I read an article entitled ‘What’s up with twentysomethings?’ in the Saturday Review of The Times. It was a very interesting take on those in their twenties in the UK, here were a couple of take aways I had:
- Only 1 per cent of 16 to 24-year-olds has never accessed the internet.
- In short, young people are both more connected and more alone than ever.
- Mel Smith from Youth Support Service: “It’s a very difficult time, the very early twenties, because of the way that a lot of the support is set up, as they reach age milestones, they move from youth to adult services; they may find themselves moved to a different service just because they’ve had a birthday.”
The lengthening of adolescent, the increasing reliance on the family are presenting big challenges in the 21st century, the economic downturn has worsened this situation. Whilst Big Society will I’m sure provide opportunities for some young adults to influence and change their society, for many the power still rests with a previous generation.
Transition within youth work and ministry is imperative – the places which are crucial are the transitions into and out of secondary school. We spend an awful lot of time in Tonbridge engaging with those about to come into tbcYouth (our youth ministry), for example:
- We take some of the youth team on the Children’s Weekend Away in April
- Following that we place youth leaders, where possible, in all the children’s activities that have year 6 children.
- At May half-term we then transition all the year 6 children into our youth ministry.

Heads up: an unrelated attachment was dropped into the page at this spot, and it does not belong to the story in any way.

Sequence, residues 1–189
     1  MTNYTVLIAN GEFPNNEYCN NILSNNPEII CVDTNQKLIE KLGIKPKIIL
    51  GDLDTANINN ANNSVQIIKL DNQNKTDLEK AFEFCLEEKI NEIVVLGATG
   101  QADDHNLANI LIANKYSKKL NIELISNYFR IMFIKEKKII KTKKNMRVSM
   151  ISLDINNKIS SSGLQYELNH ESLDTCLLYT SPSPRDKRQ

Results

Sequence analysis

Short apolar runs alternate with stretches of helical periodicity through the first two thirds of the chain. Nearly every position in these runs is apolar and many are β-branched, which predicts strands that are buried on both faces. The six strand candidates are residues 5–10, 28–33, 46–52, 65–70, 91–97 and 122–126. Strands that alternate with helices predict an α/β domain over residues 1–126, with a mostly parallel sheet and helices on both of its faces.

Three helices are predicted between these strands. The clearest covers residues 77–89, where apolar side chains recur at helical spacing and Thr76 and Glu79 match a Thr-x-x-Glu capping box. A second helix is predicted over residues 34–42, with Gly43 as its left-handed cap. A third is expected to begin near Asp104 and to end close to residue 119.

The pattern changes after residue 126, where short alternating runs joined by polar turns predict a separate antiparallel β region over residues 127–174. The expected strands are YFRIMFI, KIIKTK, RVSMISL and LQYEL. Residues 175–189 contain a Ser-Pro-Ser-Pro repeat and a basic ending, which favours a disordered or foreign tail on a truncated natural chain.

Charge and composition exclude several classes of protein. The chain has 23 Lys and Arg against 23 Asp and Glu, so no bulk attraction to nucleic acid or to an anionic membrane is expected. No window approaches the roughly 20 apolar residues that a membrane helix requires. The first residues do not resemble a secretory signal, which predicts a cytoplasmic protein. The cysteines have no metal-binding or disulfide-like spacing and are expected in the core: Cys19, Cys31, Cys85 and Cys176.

- We offer It’s Your Move lessons based on the Scripture Union It’s Your Move book to all the local primary schools.
- We support our local secondary school in the year 6 transition days.
For those leaving tbcYouth we’ve been much less imaginative, so far:
- A special leaving meal for all those in year 13
- A memory time at their last summer camp reflecting on the highs and funny moments of the last seven years
- Praying our students off at the start of an academic year and presenting them with a student help bag which includes pens, notebooks, chocolate, baked beans, Krish Kandiah’s Fresh book and more.
- Linking all our students to an adult mentor who is in regular contact with them.
We need to continue to develop this transition:
- How can we ensure every young adult leaving our youth ministry feels they are a part of the church – be that in Tonbridge or around the world as they go to university or travel as part of a gap-year.
- How do we support better those who are increasingly choosing to do distance-learning or go straight into employment or an apprenticeship?
- Do we create a new group for those in their 20s (the current one is full of those in their late 20s and early 30s, many of whom have young families which is off-putting to those in their young 20s) or does that perpetuate separatism across the church when young adults are often looking for spiritual parents along with peer friends.
What are your experiences or thoughts about how we transition smoothly young adults in to church and how the church can engage with young adults?